Something has happened after the Republican and Democratic conventions. There’s talk of a turning point, but I am not sure about that.
It is clear, however, that President Obama has expanded his lead over Mitt Romney in all the polls. In the latest Gallup, for example, Obama has increased his lead from 47 to 46 percent before the conventions to 50 to 44 percent now.
We don’t know if this new trend will hold, but nervousness seems to have increased among Republicans. Conservative columnist Michael Gerson in the Washington Post:
“With less than two months until the election, Romney is left with dwindling opportunities to reshape the dynamic of the race.”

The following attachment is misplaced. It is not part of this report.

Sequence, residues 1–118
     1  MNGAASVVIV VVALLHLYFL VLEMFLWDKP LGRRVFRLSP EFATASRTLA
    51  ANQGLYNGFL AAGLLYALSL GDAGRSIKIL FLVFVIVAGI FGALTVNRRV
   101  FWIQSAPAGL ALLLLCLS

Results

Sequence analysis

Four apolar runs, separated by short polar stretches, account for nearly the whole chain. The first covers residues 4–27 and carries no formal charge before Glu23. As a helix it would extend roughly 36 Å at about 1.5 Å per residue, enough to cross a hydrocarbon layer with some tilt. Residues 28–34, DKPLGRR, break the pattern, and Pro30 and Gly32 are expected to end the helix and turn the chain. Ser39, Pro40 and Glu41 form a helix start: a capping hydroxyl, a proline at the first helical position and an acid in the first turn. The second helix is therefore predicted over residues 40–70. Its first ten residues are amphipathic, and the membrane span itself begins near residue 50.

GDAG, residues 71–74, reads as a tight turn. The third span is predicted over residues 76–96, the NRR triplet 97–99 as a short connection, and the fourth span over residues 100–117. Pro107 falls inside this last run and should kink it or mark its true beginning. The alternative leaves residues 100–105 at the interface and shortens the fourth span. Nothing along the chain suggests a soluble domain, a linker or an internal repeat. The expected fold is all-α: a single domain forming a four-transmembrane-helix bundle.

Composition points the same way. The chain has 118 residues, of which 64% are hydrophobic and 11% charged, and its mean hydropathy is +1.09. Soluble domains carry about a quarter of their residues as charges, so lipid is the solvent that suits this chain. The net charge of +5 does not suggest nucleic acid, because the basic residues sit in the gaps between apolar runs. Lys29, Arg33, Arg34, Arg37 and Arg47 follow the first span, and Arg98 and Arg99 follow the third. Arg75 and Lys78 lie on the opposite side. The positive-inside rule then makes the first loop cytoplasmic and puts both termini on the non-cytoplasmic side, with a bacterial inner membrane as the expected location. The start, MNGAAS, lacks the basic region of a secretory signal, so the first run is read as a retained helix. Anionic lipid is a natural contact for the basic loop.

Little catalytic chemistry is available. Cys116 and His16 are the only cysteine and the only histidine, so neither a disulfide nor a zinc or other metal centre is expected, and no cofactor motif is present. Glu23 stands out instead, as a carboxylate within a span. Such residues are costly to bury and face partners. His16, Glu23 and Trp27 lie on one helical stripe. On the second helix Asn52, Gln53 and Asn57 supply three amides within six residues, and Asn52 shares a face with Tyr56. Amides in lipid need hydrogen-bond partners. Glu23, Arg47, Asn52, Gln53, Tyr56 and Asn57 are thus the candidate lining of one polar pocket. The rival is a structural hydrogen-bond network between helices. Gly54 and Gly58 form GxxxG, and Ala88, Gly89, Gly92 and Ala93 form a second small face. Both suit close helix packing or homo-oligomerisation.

No reason to worry, pleads conservative National Review in an editorial, in which it admits that Obama and the Democrats had a better convention:
“Romney is nonetheless in the hunt, and he may even enjoy the great advantage, in politics as in life, of being underestimated.”
And in today’s Washington Post, Dana Milbank describes a press conference with Republican leaders in the House of Representatives, to which the party’s vice presidential candidate Paul Ryan belong, where Romney’s name never even came up. Not once. Symptomatic of Romney’s problems?
Even wise, independent political observer Charlie Cook at the National Journal points to a number of problems in the Romney campaign, which have resulted in a campaign that should not be this close with such a weak national economy.
So something has happened. Is it permanent? Probably not. There is too much left of the campaign and too much, like now in Libya, can happen. Meanwhile, all eyes are on October 3 and the first of three televised debates between Obama and Romney.